• Nielsen To Measure Netflix, Amazon TV Streams in MediaDailyNews on 11/19/2014

    Nielsen will begin measuring premium streaming video TV programming from Netflix and Amazon starting next month, according to a report. Nielsen will analyze audio from digital over-the-top platforms -- without the cooperation of streaming services. The story was first reported in "The Wall Street Journal." Nielsen says the programming that is measured will come from existing Nielsen clients, and the data will be available to current Nielsen clients.

  • TV Blackouts: Cord-Cutting, Propaganda, And Future Media Agnosticism  in TV Watch on 11/18/2014

    CBS has been issuing warnings that another major TV blackout could happen -- this time with a possible Nov. 20 deadline for Dish Network. Last year CBS had a major month-long blackout with Time Warner Cable. Now this isn't about bashing any network or pay TV provider in particular. Many other TV networks groups -- big and small -- have been in the middle of negotiation disputes. Currently, Dish Network is in a carriage negotiation stalemate with some Turner Broadcasting networks, including CNN. So what's new here? Not much. TV consumers are getting used to this drill -- for better or worse.

Comments by Wayne All comments by Wayne

  • 'TV Everywhere' Isn't Going Anywhere, Study Finds Most Viewers Still In The Dark by Wayne Friedman (MediaPost Weekend on 01/03/2014)

    This from Ramp: "The nuance in the numbers comes from the slight difference in the way we asked the questions: TV Everywhere is predicated on a subscription-based experience of logging into a cable provider’s app or web site to view content. In our view, this low response highlights that the term TV Everywhere is still very new to the market; consumers aren’t aware of it. In the third question, we asked about viewing content via an app or a web site, and as we expected, we got a higher response from folks here – still low generally speaking, but removing the branded term seemed to help folks relate to the concept.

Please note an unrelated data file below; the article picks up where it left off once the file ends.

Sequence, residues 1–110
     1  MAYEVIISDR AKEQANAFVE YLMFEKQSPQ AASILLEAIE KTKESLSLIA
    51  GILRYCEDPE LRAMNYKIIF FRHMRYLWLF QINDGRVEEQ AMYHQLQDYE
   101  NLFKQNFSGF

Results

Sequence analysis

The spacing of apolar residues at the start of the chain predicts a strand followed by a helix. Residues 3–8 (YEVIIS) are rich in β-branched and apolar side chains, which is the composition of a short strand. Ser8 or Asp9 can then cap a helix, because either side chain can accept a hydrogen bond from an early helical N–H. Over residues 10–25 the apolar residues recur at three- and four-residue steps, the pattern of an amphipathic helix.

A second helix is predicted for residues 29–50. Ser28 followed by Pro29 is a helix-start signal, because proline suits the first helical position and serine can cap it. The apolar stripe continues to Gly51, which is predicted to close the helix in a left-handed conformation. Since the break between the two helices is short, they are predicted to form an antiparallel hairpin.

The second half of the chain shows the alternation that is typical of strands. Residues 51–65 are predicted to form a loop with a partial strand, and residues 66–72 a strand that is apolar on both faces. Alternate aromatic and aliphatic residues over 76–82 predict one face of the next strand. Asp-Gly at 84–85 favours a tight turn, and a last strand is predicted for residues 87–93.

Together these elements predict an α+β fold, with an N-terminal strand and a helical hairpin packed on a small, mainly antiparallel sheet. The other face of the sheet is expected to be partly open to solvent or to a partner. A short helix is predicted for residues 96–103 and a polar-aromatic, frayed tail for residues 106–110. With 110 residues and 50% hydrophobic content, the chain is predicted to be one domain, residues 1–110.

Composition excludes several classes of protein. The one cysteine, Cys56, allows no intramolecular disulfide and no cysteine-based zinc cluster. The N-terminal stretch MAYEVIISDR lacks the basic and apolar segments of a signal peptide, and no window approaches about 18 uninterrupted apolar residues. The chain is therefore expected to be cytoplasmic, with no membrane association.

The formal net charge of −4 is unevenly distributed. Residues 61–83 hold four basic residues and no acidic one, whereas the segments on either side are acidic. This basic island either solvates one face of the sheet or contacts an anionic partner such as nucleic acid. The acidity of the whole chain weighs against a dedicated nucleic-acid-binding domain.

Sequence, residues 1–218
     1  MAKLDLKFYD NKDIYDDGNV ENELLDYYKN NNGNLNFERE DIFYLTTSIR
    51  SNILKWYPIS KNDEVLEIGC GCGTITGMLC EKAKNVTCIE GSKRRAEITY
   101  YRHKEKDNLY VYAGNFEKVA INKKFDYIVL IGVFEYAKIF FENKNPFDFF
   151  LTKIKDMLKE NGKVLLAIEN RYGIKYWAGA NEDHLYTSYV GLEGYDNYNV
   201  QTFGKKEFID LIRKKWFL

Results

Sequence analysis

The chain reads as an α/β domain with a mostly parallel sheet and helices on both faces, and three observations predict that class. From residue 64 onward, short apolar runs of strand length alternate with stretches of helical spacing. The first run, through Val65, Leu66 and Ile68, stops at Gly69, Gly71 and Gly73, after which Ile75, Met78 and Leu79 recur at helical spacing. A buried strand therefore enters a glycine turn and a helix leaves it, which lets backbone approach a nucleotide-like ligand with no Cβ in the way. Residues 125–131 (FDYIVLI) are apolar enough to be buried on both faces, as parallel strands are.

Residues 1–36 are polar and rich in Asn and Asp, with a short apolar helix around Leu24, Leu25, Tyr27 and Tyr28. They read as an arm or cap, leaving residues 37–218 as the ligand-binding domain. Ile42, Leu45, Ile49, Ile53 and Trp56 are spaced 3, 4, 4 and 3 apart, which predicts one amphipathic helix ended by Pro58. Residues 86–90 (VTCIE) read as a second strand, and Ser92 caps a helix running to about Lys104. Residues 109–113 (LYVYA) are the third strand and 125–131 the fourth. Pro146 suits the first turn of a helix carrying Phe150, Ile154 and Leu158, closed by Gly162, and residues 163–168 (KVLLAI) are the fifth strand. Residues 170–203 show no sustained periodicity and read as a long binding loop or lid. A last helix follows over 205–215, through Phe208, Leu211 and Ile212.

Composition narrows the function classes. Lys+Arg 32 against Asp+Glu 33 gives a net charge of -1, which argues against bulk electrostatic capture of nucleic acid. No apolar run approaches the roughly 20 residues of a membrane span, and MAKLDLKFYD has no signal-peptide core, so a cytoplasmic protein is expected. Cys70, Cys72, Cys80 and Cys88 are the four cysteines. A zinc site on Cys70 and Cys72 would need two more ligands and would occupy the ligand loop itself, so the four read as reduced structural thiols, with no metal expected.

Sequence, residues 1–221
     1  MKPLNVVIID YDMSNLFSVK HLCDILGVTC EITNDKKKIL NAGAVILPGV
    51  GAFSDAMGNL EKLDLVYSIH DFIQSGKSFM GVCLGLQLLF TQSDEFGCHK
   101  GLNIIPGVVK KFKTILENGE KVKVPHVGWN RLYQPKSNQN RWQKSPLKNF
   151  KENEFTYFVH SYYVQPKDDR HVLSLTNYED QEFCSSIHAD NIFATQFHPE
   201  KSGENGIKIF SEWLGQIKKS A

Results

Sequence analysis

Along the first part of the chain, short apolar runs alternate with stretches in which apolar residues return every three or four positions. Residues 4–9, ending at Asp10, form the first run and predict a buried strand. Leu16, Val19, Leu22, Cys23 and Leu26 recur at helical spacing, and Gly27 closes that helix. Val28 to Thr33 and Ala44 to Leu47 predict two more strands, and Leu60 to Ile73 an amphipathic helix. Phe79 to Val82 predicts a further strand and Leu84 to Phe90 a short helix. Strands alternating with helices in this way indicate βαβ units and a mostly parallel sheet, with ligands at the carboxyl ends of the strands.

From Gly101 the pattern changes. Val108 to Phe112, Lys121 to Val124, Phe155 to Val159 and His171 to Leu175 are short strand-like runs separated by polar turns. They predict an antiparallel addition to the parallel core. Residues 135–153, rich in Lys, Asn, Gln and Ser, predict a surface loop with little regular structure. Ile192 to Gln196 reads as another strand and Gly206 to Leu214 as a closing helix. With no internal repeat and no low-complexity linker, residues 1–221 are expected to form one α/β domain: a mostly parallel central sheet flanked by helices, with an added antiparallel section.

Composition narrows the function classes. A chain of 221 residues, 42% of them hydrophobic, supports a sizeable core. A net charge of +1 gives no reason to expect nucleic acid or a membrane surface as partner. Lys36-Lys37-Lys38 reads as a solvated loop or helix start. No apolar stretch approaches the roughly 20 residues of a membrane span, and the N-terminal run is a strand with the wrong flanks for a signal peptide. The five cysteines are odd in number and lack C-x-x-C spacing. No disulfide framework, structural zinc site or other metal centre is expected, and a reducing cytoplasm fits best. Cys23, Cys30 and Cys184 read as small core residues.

• CBS Falling Back To TV's Promo Future by Wayne Friedman (TV Watch on 06/18/2013)

    CBS must be doing something right. It won the coveted 18-49 primetime crown this past season -- the first time in a long time -- as well as maintaining its overall primetime leadership among all viewers.

  • Teaching Pre-Schoolers The Perks Of A Fast-Forwarding TV Life by Wayne Friedman (TV Watch on 11/30/2009)

    Many TV research studies have shown over and over again more TV viewing means more chances viewers will view commercials. That's because, on average, 75% of the time viewers fast forward through commercials. Even with all the new TV technology a good chunk of viewers still watch commercials in real time.

  • Yes, On-Air Program Promos Work by Dave Morgan (Online Spin on 07/02/2009)

    On-air promos certainly work. All of which is compounded by the fact of broadcast network erosion. Networks are desperate to get more eyeballs to at least sample TV shows -- but it's a losing proposition. Where will on-air promos land next? The Internet? Networks need much more than that.

About Edit

You haven't told us anything about yourself! Surely you've got something to say. Tell us a little something.